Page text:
How Much History is Too Much?

How much background is enough for a roleplaying character?

I’ve played plenty of oneshots, and am currently in the middle of a long campaign of Call of Cthulhu. I’ve swung wildly between 100 Questions to Ask about your Roleplaying Character and “My character’s name is Jane  Doe, these are her skills, let’s play”, and everywhere in between. I’m never sure how much background to actually put into my character.


The first character I made was a football player named Chad. He had background and history, a girlfriend within the game, a unique personality and potential for growth. When his girlfriend died in the first oneshot, he moved on to the next with a new respect for the supernatural and a more sober personality, and died that scenario.


Then I started making nearly background-less characters. “He’s gone to college…which one? Does it matter?” because hey, it’s a oneshot, we die most of the time anyway and quirks make it harder to use your own mental faculties. If you make your character have a fear of something for flavor background, it makes you unable to investigate anything related to that, you have to sit out, etc. It just seemed silly to have a lot of background for a character.


I thought I’d change my ways when my first Masks of Nyarlathotep character turned out horribly. I hated her, everything about her. She wasn’t good at anything that someone else wasn’t better at, she was a coward so she couldn’t do anything in a fight, I was miserable playing her, so the Keeper let me make a new one. I decided to do her right. I spent hours just deciding on her name, decided she had parental issues because she was a Chinese woman with a job and clashes with her father because of it, made her somewhat fearless and smart. I spent more time creating her than playing her; she died that session, and now I have to make a new one for the next one.


This post was partly inspired by my Keeper. We did a oneshot because not everyone could be there, with him playing and someone else running it for once. He got so into creating his character that he refused to play unless there was monetary compensation, and created a part of himself that only the Keeper could see that caused him to plan to commit suicide by the end of the session if he hadn’t died. And yet, his school was, including the quotes, “Police Academy”, and he didn’t put much stock in the rest of the flavor added into the character sheets. Is that the secret, the quirks have nothing to do with the character sheets?


How much is too much background? Should I have expected my character to die and planned accordingly? Should you tone down the roleplaying background for a oneshot, or plan each one as if you’ll be that character forever?

Watson and Jeopardy

Some of my readers might have watched Jeopardy tonight. Probably a lot more of you than usual, actually. Why? Because a supercomputer was playing against the two champions.


In case you weren’t watching, this was how it worked – while the answer was being read, a text version of it was submitted to Watson, the supercomputer. Light sensors detected the offscreen cue as to when it was allowed to answer, and then it would buzz in…or not, depending on its surety of the answer. Some of its answers were wrong, obviously. It was asked for an art period once and answered with “What is Picasso?” But more often than not, Watson swept the competition.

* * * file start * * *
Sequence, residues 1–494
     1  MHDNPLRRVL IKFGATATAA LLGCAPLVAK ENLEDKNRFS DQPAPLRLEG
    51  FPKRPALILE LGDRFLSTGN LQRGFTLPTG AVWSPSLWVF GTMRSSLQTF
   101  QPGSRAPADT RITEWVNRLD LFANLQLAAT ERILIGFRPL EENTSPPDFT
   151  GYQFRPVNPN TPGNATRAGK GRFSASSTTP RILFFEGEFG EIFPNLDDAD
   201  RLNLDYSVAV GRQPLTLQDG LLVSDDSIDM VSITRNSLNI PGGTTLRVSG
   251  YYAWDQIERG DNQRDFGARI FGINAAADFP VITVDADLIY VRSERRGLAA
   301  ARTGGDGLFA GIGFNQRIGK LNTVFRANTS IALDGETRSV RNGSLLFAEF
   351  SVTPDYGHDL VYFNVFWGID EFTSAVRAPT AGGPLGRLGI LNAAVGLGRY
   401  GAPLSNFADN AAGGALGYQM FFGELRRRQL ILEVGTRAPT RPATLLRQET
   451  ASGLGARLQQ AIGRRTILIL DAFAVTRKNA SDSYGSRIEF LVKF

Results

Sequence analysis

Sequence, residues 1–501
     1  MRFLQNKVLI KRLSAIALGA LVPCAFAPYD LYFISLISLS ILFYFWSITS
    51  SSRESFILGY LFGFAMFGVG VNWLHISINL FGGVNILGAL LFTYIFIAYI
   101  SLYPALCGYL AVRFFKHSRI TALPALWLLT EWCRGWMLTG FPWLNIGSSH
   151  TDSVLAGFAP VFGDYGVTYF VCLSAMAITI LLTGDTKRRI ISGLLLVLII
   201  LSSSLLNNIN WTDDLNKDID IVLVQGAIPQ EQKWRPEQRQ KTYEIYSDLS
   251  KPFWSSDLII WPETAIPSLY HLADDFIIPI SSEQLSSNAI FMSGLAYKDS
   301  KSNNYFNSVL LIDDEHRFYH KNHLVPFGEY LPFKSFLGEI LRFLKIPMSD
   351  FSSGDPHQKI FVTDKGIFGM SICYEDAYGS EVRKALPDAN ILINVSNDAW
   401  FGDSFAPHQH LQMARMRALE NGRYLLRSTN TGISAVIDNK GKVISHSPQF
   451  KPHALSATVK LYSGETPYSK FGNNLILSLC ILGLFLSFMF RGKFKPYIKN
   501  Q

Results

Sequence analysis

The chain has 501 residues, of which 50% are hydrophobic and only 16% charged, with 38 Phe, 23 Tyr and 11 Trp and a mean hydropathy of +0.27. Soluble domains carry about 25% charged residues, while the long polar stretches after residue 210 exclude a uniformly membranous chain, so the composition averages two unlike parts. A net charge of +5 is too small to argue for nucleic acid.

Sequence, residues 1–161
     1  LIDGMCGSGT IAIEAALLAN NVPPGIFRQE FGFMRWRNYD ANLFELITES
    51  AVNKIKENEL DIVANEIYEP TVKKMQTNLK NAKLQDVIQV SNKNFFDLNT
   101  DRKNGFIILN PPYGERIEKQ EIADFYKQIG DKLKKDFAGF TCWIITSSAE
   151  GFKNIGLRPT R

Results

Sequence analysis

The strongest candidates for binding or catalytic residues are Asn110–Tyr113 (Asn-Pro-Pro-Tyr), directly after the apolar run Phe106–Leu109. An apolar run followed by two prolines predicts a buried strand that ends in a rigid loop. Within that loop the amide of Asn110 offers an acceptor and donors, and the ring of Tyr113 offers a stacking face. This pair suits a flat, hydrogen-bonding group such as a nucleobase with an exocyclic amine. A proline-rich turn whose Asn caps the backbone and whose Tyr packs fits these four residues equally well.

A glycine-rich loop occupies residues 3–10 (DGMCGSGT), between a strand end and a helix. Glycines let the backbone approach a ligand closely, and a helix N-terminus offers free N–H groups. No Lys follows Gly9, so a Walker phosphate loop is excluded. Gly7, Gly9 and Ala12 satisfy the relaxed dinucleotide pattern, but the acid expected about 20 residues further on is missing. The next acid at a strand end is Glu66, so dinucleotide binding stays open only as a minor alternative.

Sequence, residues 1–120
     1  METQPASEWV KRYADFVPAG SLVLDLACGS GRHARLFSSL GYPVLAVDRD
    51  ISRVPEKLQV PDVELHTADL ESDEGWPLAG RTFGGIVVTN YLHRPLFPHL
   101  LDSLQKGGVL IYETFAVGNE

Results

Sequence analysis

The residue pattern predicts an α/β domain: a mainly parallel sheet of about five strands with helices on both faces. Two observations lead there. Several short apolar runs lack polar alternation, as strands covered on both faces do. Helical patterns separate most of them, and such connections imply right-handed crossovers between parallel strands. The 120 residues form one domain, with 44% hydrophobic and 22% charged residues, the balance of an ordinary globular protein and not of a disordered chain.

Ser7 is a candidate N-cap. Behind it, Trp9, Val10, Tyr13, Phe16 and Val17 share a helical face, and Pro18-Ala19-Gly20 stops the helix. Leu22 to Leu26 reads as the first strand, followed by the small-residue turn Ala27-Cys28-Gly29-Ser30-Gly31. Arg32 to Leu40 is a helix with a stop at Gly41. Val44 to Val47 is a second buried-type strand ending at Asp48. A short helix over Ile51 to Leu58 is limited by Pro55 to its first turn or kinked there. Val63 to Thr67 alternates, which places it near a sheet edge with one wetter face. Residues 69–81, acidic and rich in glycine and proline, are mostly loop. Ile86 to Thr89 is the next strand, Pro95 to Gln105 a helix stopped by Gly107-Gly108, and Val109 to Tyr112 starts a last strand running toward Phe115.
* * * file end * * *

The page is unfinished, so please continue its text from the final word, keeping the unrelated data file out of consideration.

In the Final Jeopardy question, while both human competitors got it right (Chicago has an airport named after a WWII veteran and another after a WWII battle), Watson got it wrong, guessing Toronto when the category was cities in the United States. There are obviously bugs in the system. But overall, it was scary accurate, trouncing both Ken Jennings and Brad Rutter.


One of the most amusing parts of watching was by far seeing the computer’s second and third guesses. While a question about Paradise Lost brought up the obvious answer of John Milton, the computer’s third choice? Satan. When a question about the name of a stolen painting was asked, one of his options was “art theft”. Imagining those answers in place of the correct ones was most satisfying.


Is this a scary rendition of what’s to come? Or is it just a bit of good fun?

The Making of a Model, Part 1

So I get the box. It looks like this.



Pretty cool, but I feel like the Ball is watching me. Judging me.


I watch you while you sleep.


I open the box and pull out the instructions, stare blankly at them for a few seconds until I start to understand what they’re trying to say. Or show, since they’re entirely in Japanese. Now, I don’t have any of the tools necessary to make this model on my own, so I bring the box over to my boyfriend’s room, and he lends me an exacto-knife and clippers. I cautiously begin work, first cutting too far from the piece and then not shaving off the nibs fast enough. Finally he lends me his really sharp knife, the one that he usually uses, while telling me to be careful with it. I slice my thumb open in a few minutes.


The whole process of building the model was a lot faster than I expected. It may have just been the Ball itself, or I may have been way overestimating how long it would take (although my boyfriend was gawking at the fact that it only went up to C, not G or H like the model he was doing). It ended up taking me a few hours to put it together.



And my favorite, the “Come at me bro”:


I have yet to do the panel lines, because I’m really nervous about those. My boyfriend can’t even give me advice about it, since he’s never used the markers on his models either, so I’m really just on my own here. Maybe I can convince myself that I’m brave enough sometime soon.